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Coupeville: Find solution for town launch
Recently a storm caused damage to the Coupeville boat launch floats and a piling that restrained the floats was broken off. These floats were found to have problems when they were first installed around 1987.
Shortly after installation, the float attachments were damaged by a storm and since they were still under warranty, the float supplier was asked to do the repair. He repaired the floats but said that future warranty would not be provided because the floats were not designed for use in open waters. They were for use inside a marina equipped with a breakwater.
Then-mayor Lew Naddy responded by removing the floats from the water during the winter storm season and replacing them in the spring. This procedure was followed until 1996 and no major damage incurred to the floats.
In 1996 it was decided to leave the floats in the water all year. This seemed to work well for a few years and then a big storm came which broke off two restraining pilings and extensively damaged the floats. The two wood pilings were replaced with steel pilings and replacement or repair of the four floats. It seems clear that the current float configuration cannot survive winter storms and must be removed during the storm season.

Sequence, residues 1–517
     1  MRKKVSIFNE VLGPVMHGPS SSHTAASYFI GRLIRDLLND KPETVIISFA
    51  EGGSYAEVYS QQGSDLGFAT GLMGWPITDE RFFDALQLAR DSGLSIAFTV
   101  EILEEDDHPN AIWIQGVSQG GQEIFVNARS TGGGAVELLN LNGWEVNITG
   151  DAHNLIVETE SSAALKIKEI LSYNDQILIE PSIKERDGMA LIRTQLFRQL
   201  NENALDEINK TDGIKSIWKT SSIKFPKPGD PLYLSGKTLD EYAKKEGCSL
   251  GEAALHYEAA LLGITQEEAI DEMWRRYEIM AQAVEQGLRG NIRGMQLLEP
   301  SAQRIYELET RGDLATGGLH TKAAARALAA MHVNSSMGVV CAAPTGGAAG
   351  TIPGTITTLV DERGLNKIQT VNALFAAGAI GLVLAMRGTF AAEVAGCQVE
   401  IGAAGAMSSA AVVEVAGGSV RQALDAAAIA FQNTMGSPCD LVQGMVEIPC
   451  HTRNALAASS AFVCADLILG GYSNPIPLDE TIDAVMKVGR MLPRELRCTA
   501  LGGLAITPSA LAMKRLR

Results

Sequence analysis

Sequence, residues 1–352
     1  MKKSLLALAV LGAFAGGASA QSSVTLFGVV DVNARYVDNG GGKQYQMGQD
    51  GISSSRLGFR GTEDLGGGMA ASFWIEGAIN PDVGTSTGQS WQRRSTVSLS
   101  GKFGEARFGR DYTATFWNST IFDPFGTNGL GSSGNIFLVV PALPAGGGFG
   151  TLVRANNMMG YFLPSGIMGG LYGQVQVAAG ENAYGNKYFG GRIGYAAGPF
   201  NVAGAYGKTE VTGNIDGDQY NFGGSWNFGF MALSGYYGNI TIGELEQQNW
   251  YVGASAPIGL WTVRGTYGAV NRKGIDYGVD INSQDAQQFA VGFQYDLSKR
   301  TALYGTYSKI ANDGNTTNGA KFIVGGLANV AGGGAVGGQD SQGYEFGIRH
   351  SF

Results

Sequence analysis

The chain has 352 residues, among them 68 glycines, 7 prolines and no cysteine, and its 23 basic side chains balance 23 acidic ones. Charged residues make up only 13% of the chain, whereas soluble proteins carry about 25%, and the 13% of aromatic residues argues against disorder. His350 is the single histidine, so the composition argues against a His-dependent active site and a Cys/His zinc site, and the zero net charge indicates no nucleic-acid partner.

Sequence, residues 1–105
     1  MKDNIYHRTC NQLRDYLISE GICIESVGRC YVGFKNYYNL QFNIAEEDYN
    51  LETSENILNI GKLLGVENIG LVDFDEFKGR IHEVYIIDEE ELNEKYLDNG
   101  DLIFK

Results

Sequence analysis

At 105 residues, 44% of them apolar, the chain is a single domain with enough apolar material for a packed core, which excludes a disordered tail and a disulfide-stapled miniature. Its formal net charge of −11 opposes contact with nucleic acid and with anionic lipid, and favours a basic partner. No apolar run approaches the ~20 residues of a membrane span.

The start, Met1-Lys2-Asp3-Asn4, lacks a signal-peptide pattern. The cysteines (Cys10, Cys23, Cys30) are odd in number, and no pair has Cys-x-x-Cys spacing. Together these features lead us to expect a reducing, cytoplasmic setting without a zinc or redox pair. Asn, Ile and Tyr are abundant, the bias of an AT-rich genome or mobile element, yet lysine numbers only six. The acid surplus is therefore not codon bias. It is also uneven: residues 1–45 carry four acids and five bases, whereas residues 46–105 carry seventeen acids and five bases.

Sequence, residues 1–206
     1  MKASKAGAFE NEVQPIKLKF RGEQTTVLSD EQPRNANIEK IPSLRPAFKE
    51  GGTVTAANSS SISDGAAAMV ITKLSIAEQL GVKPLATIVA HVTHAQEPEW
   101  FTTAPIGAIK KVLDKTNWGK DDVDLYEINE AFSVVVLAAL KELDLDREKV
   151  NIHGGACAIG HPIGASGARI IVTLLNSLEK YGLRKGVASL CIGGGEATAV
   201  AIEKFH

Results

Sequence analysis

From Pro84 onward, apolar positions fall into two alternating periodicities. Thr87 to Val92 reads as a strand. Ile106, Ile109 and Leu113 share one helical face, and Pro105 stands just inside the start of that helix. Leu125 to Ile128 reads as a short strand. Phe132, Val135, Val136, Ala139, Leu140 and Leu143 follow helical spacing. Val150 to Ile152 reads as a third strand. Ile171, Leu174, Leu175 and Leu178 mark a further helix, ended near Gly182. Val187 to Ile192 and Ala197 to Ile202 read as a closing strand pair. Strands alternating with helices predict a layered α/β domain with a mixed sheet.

During early 1990 there was a decision by the town and the port commission to jointly develop a breakwater that would make boat launching safer and also protect the floats from big waves. Engineers recommended a rock-rubble breakwater that would extend out into the water parallel to the boat launch ramp. Progress seemed to be going well and about $50,000 had been spent when the Department of Ecology discovered that there was eel grass where the rocks were to be dumped. That ended the project because the cost of mitigating loss of eel grass was more than anyone could afford.
It is possible, that if someone could design a breakwater that would not damage the eel grass but could withstand the powerful wave action, that a year round float system might be feasible.